Recent notable closings: Sacco - A shoe store I like that offers some unique jewelry and accessories. I think that the salesperson who worked here drove customers away. At least that was the case for me. Don't worry though, there are other locations still sprinkled around town. Rodeo apparel (or whatever it's called) - What was once a vacuum sales and repair shop, recently turned into a rockabilly country-and-western store connected to the Rodeo. I didn't get a chance to go in and now it looks like it is closed indefinitely. Remains to be seen...

Monday, April 28, 2008


So I went to no fewer than 5 stores this weekend looking for jeans (there's a story behind my search that I will disclose soon).
Maybe it's just the time of year, but it appeared all along 5th Avenue that there is next to no merchandise anywhere! And what is going on in Ann Taylor? It was like a color blind monster barfed in there. The work-appropriate apparel seemed all but gone.

Saturday, April 26, 2008

LeSportcac Sale This Week (April 24)

I don't know if you were like me, but back in the early 80s LeSportsac was IT. For all of you who follow this blog, you know I have an adversarial relationship with the almighty PURSE, but there was nothing quite like the turquoise SportSac I had back in 6th/7th grade. So! This leads me to news about a sale going on now at LeSportsac(s). I may have to check it out, for nostalgia's sake, if nothing else...

One-week sale at all LeSportsac boutiques and lesportsac.com, starting Thursday April 24th, 2008: LeSportsac Madison Avenue, 1065 Madison Avenue; LeSportsac SoHo, 176 Spring Street ; LeSportsac Beverly Center, 8500 Beverly Blvd., #750, Los Angeles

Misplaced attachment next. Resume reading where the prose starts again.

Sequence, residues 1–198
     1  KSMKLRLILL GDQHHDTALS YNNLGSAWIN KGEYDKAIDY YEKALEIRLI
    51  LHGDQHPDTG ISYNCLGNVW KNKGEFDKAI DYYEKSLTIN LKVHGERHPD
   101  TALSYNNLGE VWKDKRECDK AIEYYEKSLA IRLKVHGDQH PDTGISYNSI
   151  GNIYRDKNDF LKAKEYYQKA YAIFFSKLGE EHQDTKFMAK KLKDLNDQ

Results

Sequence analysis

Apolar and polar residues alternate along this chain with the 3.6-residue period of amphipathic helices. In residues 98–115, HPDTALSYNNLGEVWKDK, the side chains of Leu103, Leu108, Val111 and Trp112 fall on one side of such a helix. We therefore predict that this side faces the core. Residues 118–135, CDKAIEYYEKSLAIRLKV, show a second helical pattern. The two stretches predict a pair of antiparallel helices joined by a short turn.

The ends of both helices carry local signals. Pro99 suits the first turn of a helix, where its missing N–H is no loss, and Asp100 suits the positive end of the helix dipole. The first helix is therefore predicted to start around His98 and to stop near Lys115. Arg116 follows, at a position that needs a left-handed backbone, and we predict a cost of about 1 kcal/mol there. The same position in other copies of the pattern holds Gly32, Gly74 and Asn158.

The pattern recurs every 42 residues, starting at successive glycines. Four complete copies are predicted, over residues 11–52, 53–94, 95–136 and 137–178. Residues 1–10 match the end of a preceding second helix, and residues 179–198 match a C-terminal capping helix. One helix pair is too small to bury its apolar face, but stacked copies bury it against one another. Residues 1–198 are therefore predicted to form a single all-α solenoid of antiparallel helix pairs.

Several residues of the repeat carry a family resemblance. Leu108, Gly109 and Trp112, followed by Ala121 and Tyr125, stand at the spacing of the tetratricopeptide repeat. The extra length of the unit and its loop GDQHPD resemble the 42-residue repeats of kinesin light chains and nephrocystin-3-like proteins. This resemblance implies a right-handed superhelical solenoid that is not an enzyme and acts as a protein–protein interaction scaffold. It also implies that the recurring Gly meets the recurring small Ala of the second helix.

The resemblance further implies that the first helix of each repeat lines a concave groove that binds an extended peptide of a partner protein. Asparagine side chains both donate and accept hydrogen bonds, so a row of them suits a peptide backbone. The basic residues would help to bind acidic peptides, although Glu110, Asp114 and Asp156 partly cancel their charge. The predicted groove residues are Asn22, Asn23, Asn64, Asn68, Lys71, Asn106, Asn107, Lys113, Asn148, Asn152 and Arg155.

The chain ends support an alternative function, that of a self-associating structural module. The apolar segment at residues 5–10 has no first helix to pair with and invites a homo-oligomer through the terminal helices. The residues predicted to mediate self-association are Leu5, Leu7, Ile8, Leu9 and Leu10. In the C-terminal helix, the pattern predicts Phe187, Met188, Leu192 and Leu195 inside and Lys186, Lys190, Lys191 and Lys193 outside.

Spend $100 and receive 20% off your purchase
Spend $300 and receive 30% off your purchase

(Sale subject to product availability and applies to all merchandise. Promotion can not be combined with another promotion or discount. Maximum discount is 30%. )

Friday, April 25, 2008

Travelling on a Weak Dollar

I am taking a day off and presenting you with some travel tidbits from a contributing blogger. Heather Johnson is an industry critic, as well as a regular contributor on the subject of airline mile cards. Enjoy...

It’s time to stop blaming whomever is in charge of the economy and how the dollar pales in comparison to the Euro. Bottom line: people are still going to travel. If you’re used to staying in posh London for a jet-setting weekend, get geared up for a domestic flight to Chicago and get holed up in a Days Inn. Whatever you’re accustomed to is going to take a hit during these dog days of the weak dollar, but it doesn’t mean you’re going to have to become a hermit. Here are ways you can still go away on a tighter budget:

Hotel? No. B&B? Yes. You’ll save half on a night in a bed and breakfast than at a hotel, plus you’ll get a free meal and a cozier room. Yes, cozy often meaning tiny. But cozy nevertheless.

Skip the Hard Rock. If you’re in a foreign city, then expect them to speak their own language. If you’re searching for a place that advertises, “We Speak English,” then you’re asking to pay through the nose. They’re going to know you’re a tourist and they’ll make you pay like a tourist.